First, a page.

Just days after FTC officials announced sending refund checks to hundreds of thousands of Herbalife distributors, the company disclosed a new government probe.

Josh Long, Associate editorial director, Natural Products Insider

January 27, 2017

3 Min Read
Herbalife reveals number of preferred members and SEC probe

Hundreds of thousands of individuals in Herbalife’s network in the United States have elected to be “preferred members," a category that describes individuals who purchase its weight-management shakes and other products at a discount.

Herbalife made the disclosure in a Jan. 20 Securities and Exchange Commission (SEC) filing related to its plans to borrow US$1.325 billion.

As part of a widely reported agreement with federal regulators, Herbalife is required by May 2017 to categorize its members into one of two categories: preferred members and distributors, who are individuals seeking to resell products or build a sales organization, Herbalife disclosed in an attachment, or “confidential information memorandum", to the SEC filing.

In October, Herbalife began the process of allowing its members to make an election, and as of Jan. 17, roughly 200,000 individuals converted to preferred members. Beginning in mid-January, Herbalife commenced the requirement for all new members in North America to enroll either as a preferred member or distributor.

“The company believes the conversion of participants to preferred members is in line with its expectations," Herbalife said.

As of Sept. 30, Herbalife sold products in 94 countries through a network of 4.1 million independent members. Over the 12-month period ending Sept. 30, Herbalife produced net sales of roughly US$4.5 billion.

Critics of Herbalife have argued the global nutrition company has few legitimate retail customers and most individuals enter the network for the business opportunity, even though few distributors generate any or significant sales.

But according to research Lieberman Research Worldwide conducted in 2013 for Herbalife, 73% of Herbalife members primarily joined the network to purchase products at a discount for personal use.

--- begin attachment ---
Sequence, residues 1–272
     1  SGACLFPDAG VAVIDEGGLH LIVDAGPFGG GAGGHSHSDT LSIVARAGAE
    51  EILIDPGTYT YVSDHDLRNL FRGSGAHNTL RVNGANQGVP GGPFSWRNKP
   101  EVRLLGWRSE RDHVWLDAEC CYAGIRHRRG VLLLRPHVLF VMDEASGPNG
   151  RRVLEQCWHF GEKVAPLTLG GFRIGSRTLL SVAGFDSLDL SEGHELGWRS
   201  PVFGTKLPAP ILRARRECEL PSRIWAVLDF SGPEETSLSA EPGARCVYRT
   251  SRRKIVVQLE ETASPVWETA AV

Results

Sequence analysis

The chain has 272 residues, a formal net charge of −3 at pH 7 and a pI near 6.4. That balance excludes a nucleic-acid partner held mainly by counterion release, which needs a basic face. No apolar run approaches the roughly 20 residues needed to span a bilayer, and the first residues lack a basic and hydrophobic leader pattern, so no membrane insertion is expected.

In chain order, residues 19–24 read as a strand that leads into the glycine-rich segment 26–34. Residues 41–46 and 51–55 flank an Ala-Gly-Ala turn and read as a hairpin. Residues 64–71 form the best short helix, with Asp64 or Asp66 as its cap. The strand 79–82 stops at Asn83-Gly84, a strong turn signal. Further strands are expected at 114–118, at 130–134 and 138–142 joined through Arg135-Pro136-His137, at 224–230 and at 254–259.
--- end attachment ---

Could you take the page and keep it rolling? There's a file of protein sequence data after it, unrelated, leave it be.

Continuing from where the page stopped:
Under the agreement reached with the FTC and filed in the U.S. District Court for the Central District of California, two-thirds of rewards that Herbalife pays to distributors must be based on retail sales of products that are tracked and verified.

“Herbalife believes that paying distributors based on receipted sales elevates the standard for the MLM industry and will increase transparency to regulators and investors," the company said in the memorandum.

SEC probe

On Jan. 10, FTC officials announced sending refund checks to hundreds of thousands of Herbalife distributors after Herbalife set aside $200 million as part of the FTC settlement.

But just 10 days later, the global nutrition company revealed a new government probe. In the memorandum, Herbalife disclosed the SEC has requested from the company documents and other information related to its anti-corruption compliance in China—a country that represents 20% of Herbalife’s net sales. Herbalife said it has conducted its own review and discussed the issues with the U.S. Justice Department.

“The company is cooperating with the SEC’s investigation and cannot predict the eventual scope, duration, or outcome of the matter at this time," Herbalife said.

Timothy Ramey, an equity analyst with Pivotal Research Group who covers Herbalife, said he wasn’t assigning any “special weight" to the SEC probe.

“We would be far more concerned if the Chinese were investigating rather than the SEC," he said in a Jan. 20 equity research note.

Herbalife (NYSE: HLF) plans to release its fourth-quarter and year-end results on Feb. 23 after the close of trading on the New York Stock Exchange.

About the Author(s)

Josh Long

Associate editorial director, Natural Products Insider, Informa Markets Health and Nutrition

Josh Long directs the online news, feature and op-ed coverage at Natural Products Insider, which targets the health and wellness industry. He has been reporting on developments in the dietary supplement industry for over a decade, with a focus on regulatory issues, including at the Food and Drug Administration.

He has moderated and/or presented at industry trade shows, including SupplySide East, SupplySide West, Natural Products Expo West, NBJ Summit and the annual Dietary Supplement Regulatory Summit.

Connect with Josh on LinkedIn and ping him with story ideas at [email protected]

Education and previous experience

Josh majored in journalism and graduated from Arizona State University the same year "Jake the Snake" Plummer led the Sun Devils to the Rose Bowl against the Ohio State Buckeyes. He also holds a J.D. from the University of Wyoming College of Law, was admitted in 2008 to practice law in the state of Colorado and spent a year clerking for a state district court judge.

Over more than a quarter century, he’s written on various topics for newspapers and business-to-business publications – from the Yavapai in Arizona and a controversial plan for a nuclear-waste incinerator in Idaho to nuanced issues, including FDA enforcement of the Dietary Supplement Health and Education Act of 1994 (DSHEA).

Since the late 1990s, his articles have been published in a variety of media, including but not limited to, the Cape Cod Times (in Massachusetts), Sedona Red Rock News (in Arizona), Denver Post (in Colorado), Casper Star-Tribune (in Wyoming), now-defunct Jackson Hole Guide (in Wyoming), Colorado Lawyer (published by the Colorado Bar Association) and Nutrition Business Journal.

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